Starting the School Year and Every School Day on the Right Foot!

06:22

Happy September!  By now, we're all back at school, and it's a new beginning ~ a fresh start to a new school year.  Every year I start with such hope that I'm going to improve my teaching just a little bit every day.  That's why I'm popping in today with some ideas on how to make each day a new chance to get it right!



Introduction

The ideas I'm sharing are ones that I try to follow myself.  I've been a teacher for 20 years now, but I feel like I'm always learning every day because every day truly is a new adventure in the classroom.

Keep Bulletin Boards Simple


Buy fadeless paper to back your bulletin boards.  I buy a neutral color - usually yellow - and a colorful and neutral border.  This way,  the bulletin board is all set to display rotating student work samples or whatever you have designated for that board.  On my big bulletin board, each student has his/her own piece of fadeless construction paper with his/her name on it stapled onto the bulletin board.  My bulletin board is then all set for the year while the work samples get rotated monthly (that's my goal any way). 

Here's a sample of my main bulletin board:




To make life easier - I keep my bulletin boards easy to change out.  In September, we always make these pencil and apple books for Back to School Night.  Also, I'm often able to keep the bulletin board background paper for several years.

Hello, there!

Always greet each student every morning.  I learned this in the Harry and Rosemary Wong book - The First Days of School.  I stand out in the hallway and say good morning to each student and do a quick check-in.  I want the kids to feel welcome at school, and it's also an opportunity to get an idea of how each student is doing that day.


https://www.amazon.com/First-Days-School-Effective-Teacher/dp/0962936022/ref=sr_1_2?ie=UTF8&qid=1535997079&sr=8-2&keywords=the+first+days+of+school+by+harry+k.+wong+%26+rosemary+t.+wong&dpID=61JNX9BGH8L&preST=_SX218_BO1,204,203,200_QL40_&dpSrc=srch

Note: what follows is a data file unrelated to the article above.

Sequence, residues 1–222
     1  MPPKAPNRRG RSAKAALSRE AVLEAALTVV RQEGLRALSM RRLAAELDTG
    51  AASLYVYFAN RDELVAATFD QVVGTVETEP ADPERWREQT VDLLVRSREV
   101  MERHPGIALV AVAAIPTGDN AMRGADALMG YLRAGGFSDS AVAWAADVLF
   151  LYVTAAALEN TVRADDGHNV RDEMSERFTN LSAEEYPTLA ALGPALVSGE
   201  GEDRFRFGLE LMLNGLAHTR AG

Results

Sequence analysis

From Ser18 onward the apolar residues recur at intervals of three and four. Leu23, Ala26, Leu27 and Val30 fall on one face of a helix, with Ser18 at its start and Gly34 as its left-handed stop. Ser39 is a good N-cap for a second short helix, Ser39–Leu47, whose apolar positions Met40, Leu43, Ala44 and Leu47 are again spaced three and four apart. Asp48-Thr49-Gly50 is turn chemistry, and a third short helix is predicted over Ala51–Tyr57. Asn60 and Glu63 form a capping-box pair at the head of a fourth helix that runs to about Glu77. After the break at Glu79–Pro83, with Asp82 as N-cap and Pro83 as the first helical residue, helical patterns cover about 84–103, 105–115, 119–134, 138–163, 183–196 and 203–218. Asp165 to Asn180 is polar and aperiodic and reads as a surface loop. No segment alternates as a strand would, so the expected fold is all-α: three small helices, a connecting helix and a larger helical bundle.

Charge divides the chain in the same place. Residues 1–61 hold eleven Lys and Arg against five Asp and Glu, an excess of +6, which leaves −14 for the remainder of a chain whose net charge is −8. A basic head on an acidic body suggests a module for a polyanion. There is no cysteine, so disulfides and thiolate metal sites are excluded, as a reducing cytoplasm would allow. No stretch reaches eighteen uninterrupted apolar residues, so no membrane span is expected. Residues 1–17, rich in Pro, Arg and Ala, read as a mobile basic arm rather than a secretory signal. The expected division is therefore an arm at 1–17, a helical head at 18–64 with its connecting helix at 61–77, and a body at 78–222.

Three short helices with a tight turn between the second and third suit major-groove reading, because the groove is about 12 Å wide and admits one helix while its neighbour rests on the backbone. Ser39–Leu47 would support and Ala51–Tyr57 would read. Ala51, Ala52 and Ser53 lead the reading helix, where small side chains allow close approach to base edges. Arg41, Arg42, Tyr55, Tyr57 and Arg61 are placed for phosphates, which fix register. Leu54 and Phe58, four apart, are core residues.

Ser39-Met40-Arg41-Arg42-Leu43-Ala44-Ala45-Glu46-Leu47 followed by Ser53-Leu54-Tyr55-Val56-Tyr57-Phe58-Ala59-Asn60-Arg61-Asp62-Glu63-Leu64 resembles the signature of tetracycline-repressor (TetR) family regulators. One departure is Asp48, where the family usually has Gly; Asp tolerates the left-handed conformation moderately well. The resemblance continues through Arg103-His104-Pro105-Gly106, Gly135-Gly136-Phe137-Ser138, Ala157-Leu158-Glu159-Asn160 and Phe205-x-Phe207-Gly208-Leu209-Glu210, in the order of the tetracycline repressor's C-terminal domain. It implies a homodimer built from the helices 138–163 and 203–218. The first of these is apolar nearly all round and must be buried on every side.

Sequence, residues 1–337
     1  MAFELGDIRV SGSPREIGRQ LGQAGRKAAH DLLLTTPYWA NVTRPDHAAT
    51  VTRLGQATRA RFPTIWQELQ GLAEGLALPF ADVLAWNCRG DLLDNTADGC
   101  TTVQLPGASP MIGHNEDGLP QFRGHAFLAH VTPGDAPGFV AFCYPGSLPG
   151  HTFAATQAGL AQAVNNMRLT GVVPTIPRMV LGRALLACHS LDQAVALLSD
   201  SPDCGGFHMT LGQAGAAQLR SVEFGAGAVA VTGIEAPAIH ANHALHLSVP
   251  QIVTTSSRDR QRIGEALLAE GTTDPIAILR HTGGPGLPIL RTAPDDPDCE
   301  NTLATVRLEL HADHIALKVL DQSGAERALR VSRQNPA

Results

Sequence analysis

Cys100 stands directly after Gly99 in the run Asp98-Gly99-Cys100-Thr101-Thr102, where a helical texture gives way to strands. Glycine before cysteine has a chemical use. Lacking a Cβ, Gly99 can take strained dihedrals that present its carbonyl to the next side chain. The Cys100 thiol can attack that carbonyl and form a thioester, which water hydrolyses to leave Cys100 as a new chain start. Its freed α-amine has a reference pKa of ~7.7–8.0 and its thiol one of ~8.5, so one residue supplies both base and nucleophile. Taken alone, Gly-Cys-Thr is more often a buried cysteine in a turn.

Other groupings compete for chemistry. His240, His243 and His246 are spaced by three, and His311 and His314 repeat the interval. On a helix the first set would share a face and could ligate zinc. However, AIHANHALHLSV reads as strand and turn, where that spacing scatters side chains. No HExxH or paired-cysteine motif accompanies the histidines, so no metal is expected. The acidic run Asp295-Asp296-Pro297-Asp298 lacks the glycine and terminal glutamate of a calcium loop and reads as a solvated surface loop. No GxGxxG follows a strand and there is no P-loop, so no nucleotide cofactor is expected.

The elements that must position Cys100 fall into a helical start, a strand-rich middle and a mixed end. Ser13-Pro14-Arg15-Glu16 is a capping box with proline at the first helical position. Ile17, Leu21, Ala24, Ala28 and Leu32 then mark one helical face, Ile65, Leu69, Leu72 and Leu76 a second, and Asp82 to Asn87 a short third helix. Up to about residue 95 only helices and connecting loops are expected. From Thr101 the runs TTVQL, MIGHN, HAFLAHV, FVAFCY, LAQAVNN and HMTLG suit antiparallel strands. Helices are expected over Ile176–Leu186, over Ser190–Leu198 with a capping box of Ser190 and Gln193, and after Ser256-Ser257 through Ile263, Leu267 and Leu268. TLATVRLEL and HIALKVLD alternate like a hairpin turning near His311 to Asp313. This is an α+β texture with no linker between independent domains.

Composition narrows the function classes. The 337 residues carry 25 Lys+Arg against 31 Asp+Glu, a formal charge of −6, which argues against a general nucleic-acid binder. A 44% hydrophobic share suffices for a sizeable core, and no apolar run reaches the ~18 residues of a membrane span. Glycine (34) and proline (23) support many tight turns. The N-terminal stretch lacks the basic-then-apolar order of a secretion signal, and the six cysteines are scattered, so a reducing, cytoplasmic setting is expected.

I'm sorry....

Never be afraid to say you're sorry.  Some times, I've gotten upset with a student or said something hurtful - it's difficult to admit this even now.  I do think it's important to follow-up with an apology and a private chat.  We are all human after all, but we do make mistakes and need to model the behavior we want the kids to follow.


Find a trusted friend and/or mentor  

Find another teacher in your building with whom you can discuss any issues you're having.  It's so important to have someone in your corner - someone who can listen to you; empathize with you and/or advise you.  I still depend on my teacher friends.

Most importantly, stay away from gossip and drama with other teachers, and especially the parents.  For many years I cared for my father and was laser focused on teaching and my students while I was at work.  It makes life so much easier when your colleagues respect you and know that you can be trusted.



 Every day is a chance to get it right.

Make every day a new chance to try again.  This is one of the best parts of being a teacher - if you need to change something - there's always tomorrow when you can try something different until you find what works best.



Everybody has something they're dealing with.

Be accepting and understanding of each student.  This is easy to do when the students are all well-behaved, but sometimes kids have bad days, and we need to try to help them through it.  It helps to have empathy - everyone wants to feel understood.



 In closing...

There is a person at my school, Mrs. Perry, who has a kind-heart and never says anything bad about anyone.  I always say, "I want to be like Mrs. Perry when I grow up."  Do you work with or know someone like this?  

Please let me know if you have any routines or ideas to share to make every day a little bit better.


by Susan K.

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2 comments

  1. What a wonderful post. I've modeled saying "I'm sorry" many times over the years. Not getting involved in gossip, drama, and complaining is so imporant too. I feel like I need to save this post to read periodically as a reminder. Thank you!
    Jan
    Laughter and Consistency

    ReplyDelete
    Replies
    1. I agree. Saying sorry is a life skill that is difficult for kids and adults!

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